Four previous meta-analyses have been conducted on the accuracy of the PHQ-9 but none have specifically been conducted in primary care.29–32 One previous meta-analysis has been conducted on the PHQ-2/Whooley questions but is considerably out of date.17 Thus, the primary objective is to conduct a meta-analysis to determine the diagnostic accuracy of the PHQ-9-linear, PHQ-9-algorithm and PHQ-2 questions to detect MDD among adults.
This systematic review was conducted following a predetermined but unpublished protocol.
Inclusion and exclusion criteria
We included studies that reported the accuracy of PHQ-9/PHQ-2 questions for diagnosing MDD in primary care. The setting had to be mostly primary care (but not exclusively, containing >50% of primary care patients) and we identified one study in two publications with mixed recruitment.33,34 Studies focusing on one single medical condition in primary care were excluded.35 The studies had to provide sufficient data to allow us to calculate contingency tables or had to be supplied by authors. We only included studies that defined MDD according to standard classification systems such as the ICD or the DSM using a standardised diagnostic interview schedule (Mini International Neuropsychiatric Interview (MINI), Structured Clinical Interview for DSM Disorders (SCID), Composite International Diagnostic Interview (CIDI), Diagnostic Interview Schedule (DIS) or Revised Clinical Interview Schedule (CIS-R)).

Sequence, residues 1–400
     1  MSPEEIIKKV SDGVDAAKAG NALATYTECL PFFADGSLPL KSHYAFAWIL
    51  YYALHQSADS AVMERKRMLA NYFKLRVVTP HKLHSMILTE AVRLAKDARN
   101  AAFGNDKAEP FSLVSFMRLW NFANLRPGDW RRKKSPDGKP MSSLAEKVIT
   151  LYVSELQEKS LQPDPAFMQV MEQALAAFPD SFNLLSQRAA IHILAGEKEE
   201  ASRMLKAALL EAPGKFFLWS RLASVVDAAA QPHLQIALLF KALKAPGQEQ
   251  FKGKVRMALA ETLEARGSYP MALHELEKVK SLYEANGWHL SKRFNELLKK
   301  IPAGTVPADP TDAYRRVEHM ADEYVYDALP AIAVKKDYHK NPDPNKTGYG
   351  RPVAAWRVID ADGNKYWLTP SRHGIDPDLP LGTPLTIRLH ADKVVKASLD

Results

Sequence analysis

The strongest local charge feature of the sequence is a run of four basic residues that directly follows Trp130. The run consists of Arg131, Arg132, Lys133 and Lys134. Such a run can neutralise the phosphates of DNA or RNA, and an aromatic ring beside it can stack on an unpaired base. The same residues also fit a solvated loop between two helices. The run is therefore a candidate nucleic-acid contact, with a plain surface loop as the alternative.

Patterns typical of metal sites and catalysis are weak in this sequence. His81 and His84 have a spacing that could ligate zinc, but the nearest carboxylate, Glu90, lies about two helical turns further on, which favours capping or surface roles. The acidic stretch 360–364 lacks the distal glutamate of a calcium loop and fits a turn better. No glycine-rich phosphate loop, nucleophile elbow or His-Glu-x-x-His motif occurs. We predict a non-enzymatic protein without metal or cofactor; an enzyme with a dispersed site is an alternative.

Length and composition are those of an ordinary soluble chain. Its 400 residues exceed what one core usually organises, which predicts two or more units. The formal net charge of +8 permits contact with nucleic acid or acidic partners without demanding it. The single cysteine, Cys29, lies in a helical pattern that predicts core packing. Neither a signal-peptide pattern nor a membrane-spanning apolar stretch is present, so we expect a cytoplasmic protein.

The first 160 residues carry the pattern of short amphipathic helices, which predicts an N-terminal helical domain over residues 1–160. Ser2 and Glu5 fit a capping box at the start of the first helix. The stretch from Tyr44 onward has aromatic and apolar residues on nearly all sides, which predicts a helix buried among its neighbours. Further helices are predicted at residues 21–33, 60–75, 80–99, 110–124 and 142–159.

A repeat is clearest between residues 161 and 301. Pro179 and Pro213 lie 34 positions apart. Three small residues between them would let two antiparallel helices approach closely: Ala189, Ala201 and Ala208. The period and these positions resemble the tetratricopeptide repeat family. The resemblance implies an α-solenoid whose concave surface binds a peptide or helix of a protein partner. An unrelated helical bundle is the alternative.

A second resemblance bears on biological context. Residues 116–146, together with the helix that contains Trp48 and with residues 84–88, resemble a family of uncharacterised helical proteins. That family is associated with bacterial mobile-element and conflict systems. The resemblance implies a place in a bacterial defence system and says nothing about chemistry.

Information sources and searches
Two independent reviewers searched Embase, Web of Science, PsycINFO, CINAHL Plus and PubMed from 1998 until June 2015. We used the key words ‘PHQ’, ‘patient health questionnaire’, ‘screening’, ‘depression’, ‘MDD’, ‘primary care’ and ‘general practice’.
We collected information about study characteristics and quality using a standardised data collection form. We included the following characteristics: setting, country, age of sample, gender of sample, year of study, sample size, masking of the assessor of the reference test, data integrity, cut-off score and translation of non-English versions of PHQ-9. When an article appeared to meet the criteria but did not contain sufficient data, we contacted the authors up to two times a month.